Saying that it is making moves meant to respond "to a new environment emerging in human health and well being," healthcare giant Johnson & Johnson (J&J; New Brunswick, New Jersey) in mid-November unveiled a series of organizational changes which it said are intended to "sharpen its focus on opportunities outside its traditional areas of interest and in the growing intersections of healthcare." The changes include the creation of a new strategy and growth organization and two new business operating groups.

The reorganization comes at a time when the company has had to reduce costs in response to a downturn in sales of key products, such as the once wildly successful Cypher drug-eluting stent (DES) — due to safety concerns — and its Procrit anemia drug. Procrit sales have fallen as a result of Medicare and Medicaid program reimbursement cuts, also initially sparked by safety issues.

The moves come a bit more than three months after the company reported plans to reduce its global workforce by 3% to 4%, or up to 4,820 jobs, in a restructuring that it hoped would generate about $1.3 billion to $1.6 billion in savings for 2008 to offset declining sales. That plan primarily impacted the company's Cordis (Miami Lakes, Florida) unit — maker of the Cypher — and its pharmaceuticals unit.

J&J said it will now form a new surgical-care group to focus on technology and services to improve patient care and a new comprehensive-care group aimed at treatments for chronic and pervasive conditions.

The company currently has three major business units: pharmaceuticals; medical devices and diagnostics; and consumer. But beginning in January, the device business will be divided into two units: surgical-care and comprehensive-care. The surgical-care group will include its Ethicon (Somerville, New Jersey) unit, which makes suture technology and other surgical products. The comprehensive-care group will include Cordis.

New possibilities, Weldon said, include healthcare products that the company doesn't currently sell. He also mentioned health information, genetics, biomarkers and medical records.

"These decisions recognize that a new environment is emerging in human health and well-being," Weldon said. "They reflect our assessment of the best way for us to capture and develop the opportunities associated with those changes and they capitalize on the unique, broadly-based, decentralized approach of Johnson & Johnson."


FDA panel recommends approval of Xience DES device

Johnson & Johnson saw more competition coming last month with an FDA panel recommendation to approve the Xience drug-eluting stent (DES) from Abbott Laboratories (Abbot Park, Illinois). The Xience is seen as winning FDA approval sometime early next year -- along with the Endeavor DES from Medtronic (Minneapolis), which received a panel thumbs-up in October. The two stents will challenge the 1st-generation DES devices, including the Cypher DES made by J&J business Cordis (Miami Lakes, Florida) and the Taxus from Boston Scientific (Natick, Massachusetts).

Attempting to block the Xience's entry to the market, J&J filed a lawsuit shortly before the late November panel meeting, alleging that the Xience infringes on intellectual property for DES held by Cordis.

The circulatory systems advisory panel asked what one analyst called some "cranky" questions during the meeting, but the Xience provided few issues concerning efficacy as compared to first-generation DES devices, and it received a 9-1 panel vote to recommend.

But given the current atmosphere of uncertainty and ongoing debate concerning the safety of DES devices, the panel also advised the agency to provide final approval of the Xience only with agreements from Abbott to perform rigorous long-term follow-up surveillances studies.

Clyde Yancy, MD, chair of the panel, referred to the company's data indicating efficacy of the Xience, but termed the large majority vote by the panel a "cautious endorsement" of the stent and that the bigger question will be the device's safety over the long term — a question still hovering over the entire sector, both first-generation and those DES devices to come.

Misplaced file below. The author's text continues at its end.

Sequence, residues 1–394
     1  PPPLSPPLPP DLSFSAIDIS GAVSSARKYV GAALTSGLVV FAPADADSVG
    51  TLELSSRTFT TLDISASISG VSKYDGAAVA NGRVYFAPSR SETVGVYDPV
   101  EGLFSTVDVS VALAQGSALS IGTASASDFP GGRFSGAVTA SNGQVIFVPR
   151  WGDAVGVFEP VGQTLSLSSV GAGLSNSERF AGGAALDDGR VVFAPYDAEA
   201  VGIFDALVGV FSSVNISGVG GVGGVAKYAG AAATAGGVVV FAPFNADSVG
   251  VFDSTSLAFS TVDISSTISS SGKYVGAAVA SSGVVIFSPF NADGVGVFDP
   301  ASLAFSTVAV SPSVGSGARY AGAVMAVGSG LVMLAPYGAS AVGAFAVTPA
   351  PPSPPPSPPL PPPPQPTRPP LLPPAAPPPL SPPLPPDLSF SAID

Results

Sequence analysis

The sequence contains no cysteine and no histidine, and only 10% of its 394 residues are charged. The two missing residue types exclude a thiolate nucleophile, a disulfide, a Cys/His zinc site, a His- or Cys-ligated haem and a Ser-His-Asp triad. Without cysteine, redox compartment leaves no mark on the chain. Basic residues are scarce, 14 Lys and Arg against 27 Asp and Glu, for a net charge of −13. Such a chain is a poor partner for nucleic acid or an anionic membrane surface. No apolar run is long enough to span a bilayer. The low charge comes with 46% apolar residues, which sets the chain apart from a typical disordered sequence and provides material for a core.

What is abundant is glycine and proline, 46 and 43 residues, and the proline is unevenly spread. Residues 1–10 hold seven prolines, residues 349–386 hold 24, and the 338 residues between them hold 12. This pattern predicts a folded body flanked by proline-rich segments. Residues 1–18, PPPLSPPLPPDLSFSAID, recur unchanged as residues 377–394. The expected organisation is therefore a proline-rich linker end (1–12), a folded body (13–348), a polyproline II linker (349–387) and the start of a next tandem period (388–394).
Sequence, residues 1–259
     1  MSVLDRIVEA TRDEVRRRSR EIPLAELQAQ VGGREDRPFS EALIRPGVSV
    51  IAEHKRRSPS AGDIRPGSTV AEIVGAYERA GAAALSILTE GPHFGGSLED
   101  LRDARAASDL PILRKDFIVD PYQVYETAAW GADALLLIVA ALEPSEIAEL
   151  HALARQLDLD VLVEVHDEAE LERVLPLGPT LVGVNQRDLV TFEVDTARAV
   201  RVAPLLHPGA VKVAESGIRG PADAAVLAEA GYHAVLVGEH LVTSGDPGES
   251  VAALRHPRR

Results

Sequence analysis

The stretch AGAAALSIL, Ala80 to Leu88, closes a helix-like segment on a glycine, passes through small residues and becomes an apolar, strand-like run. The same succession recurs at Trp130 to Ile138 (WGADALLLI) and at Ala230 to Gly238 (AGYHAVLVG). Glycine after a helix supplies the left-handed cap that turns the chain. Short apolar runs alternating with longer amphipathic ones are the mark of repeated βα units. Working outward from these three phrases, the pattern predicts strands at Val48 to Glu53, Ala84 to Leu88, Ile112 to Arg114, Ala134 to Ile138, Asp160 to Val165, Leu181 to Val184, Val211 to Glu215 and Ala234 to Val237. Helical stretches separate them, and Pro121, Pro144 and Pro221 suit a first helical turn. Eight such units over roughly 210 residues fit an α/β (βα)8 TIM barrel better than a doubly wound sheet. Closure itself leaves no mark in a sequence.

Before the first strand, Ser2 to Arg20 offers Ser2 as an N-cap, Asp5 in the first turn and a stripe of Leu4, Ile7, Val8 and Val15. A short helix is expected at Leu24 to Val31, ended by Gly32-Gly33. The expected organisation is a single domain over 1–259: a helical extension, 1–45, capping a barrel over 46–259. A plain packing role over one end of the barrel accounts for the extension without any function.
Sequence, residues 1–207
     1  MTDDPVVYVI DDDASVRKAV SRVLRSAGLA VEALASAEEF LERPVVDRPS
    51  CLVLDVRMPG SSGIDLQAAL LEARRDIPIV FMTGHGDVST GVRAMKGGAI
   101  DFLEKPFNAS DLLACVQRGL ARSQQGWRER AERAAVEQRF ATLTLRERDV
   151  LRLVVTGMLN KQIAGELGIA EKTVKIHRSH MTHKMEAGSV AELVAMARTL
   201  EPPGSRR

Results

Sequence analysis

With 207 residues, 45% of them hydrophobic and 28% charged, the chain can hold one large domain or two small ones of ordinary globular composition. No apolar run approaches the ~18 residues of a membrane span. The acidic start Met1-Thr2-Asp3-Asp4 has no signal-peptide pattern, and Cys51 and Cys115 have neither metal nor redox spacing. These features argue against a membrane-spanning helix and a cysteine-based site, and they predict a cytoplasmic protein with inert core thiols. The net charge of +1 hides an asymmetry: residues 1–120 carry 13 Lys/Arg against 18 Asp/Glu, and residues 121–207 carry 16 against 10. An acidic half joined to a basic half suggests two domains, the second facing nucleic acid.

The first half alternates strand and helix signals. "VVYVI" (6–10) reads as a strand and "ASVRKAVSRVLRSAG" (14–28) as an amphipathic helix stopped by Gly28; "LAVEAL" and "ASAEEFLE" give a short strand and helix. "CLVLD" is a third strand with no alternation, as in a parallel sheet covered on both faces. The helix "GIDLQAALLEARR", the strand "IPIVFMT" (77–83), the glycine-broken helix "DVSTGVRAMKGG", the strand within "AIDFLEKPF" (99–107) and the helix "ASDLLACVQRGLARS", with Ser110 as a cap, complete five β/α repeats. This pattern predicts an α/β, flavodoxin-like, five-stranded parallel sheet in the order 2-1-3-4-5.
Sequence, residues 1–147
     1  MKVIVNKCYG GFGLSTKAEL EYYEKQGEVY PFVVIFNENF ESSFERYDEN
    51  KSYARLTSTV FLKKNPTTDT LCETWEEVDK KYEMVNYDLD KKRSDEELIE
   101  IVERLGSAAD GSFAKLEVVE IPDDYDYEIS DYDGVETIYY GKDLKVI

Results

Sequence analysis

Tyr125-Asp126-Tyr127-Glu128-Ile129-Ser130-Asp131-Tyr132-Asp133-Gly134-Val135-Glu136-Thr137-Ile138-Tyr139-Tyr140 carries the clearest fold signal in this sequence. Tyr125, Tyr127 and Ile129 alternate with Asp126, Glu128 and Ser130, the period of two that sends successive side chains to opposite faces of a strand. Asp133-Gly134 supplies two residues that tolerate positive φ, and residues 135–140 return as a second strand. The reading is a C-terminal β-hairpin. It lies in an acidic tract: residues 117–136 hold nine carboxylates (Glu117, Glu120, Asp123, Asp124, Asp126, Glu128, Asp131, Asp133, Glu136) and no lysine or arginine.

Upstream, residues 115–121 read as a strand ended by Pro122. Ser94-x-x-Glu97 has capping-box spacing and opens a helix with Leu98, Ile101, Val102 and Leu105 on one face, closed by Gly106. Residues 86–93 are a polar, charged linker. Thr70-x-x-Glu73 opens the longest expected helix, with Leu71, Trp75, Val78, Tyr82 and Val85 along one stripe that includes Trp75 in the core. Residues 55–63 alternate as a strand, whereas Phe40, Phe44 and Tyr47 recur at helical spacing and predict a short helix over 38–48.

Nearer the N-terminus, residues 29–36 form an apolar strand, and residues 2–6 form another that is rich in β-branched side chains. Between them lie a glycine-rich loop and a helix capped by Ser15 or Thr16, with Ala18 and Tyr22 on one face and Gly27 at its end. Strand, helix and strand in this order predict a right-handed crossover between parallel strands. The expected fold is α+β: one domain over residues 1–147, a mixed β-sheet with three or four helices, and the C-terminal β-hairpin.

While recent cardiovascular conference reports have generally dismissed the view that DES devices are less safe than bare-metal stents, Yancy and other panelists frequently referred to safety issues. And Yancy indicated that the panel, despite the 9-1 vote, was generally divided on feeling that Abbott had presented enough long-term safety data.

Abbott and Medtronic, of course will hope for quick final approval so that they can roll out these new products in 2008, with both products expected to provide immediate stiff competition to the Cypher and the Taxus .

Boston Scientific may be hurt the least, however, since it will share the profits from Xience; Guidant had been developing this stent and when Boston Scientific acquired that company, the stent technology was divested to Abbott; but Boston Scientific retained the right to sell the same device, as the Promus, under a private-label arrangement.

The panel recommendations put Endeavor and Xience at the starting gate, and the race is now on to see which wins first FDA approval, largest uptake and ultimate market laurels.

Abbott provided data for more than 400 patients in the category of long-term usage of the Xience, with those patients implanted for at least two years. But that was not considered long enough, or representing enough patients, by some panelists. Panel member John Somber, MD, professor of pharmacology at Rush University Medical Center (Chicago), said "one-to-two-year data" was not adequate.

And Somberg cast the lone dissenting vote against Xience approval.

Wachovia Capital Markets device analyst Larry Biegelsen, in a note, said he foresees FDA approval of Xience as early as the second quarter of '08, though "the FDA could decide to wait until the data becomes available in mid-2008, given the intense scrutiny of the safety of DES." He said that his analysis puts Xience as the market leader for DES with a 55% share in the U.S.

Bear Stearns analyst Rick Wise echoed the concerns that the FDA may wait until 2Q08 to see full two-year data on the Xience and so he predicted FDA approval and market launch in the third quarter of '08. He wrote: "We felt the overall tone of the FDA during their afternoon presentation was positive for Xience.

"The FDA supported [Abbott's] pooling of SPIRIT II & III [trial] data to increase the sample size in order to better analyze rare events like late stent thrombosis despite some pushback from the panel. Also, the FDA's statistical analysis showed that across the SPIRIT family of clinical trials Xience generally showed non-inferiority vs. Taxus even in a worst case analysis."


Pfizer to pay $125 million to Nektar in dropping inhaled insulin

Pfizer (New York) is paying Nektar $135 million to Nektar Therapeutics (San Carlos, California) $135 million to resolve contractual obligations between the companies as the result of Phizer's decision in early November to abandon the marketing of Exubera, the first inhaled insulin approved by the FDA.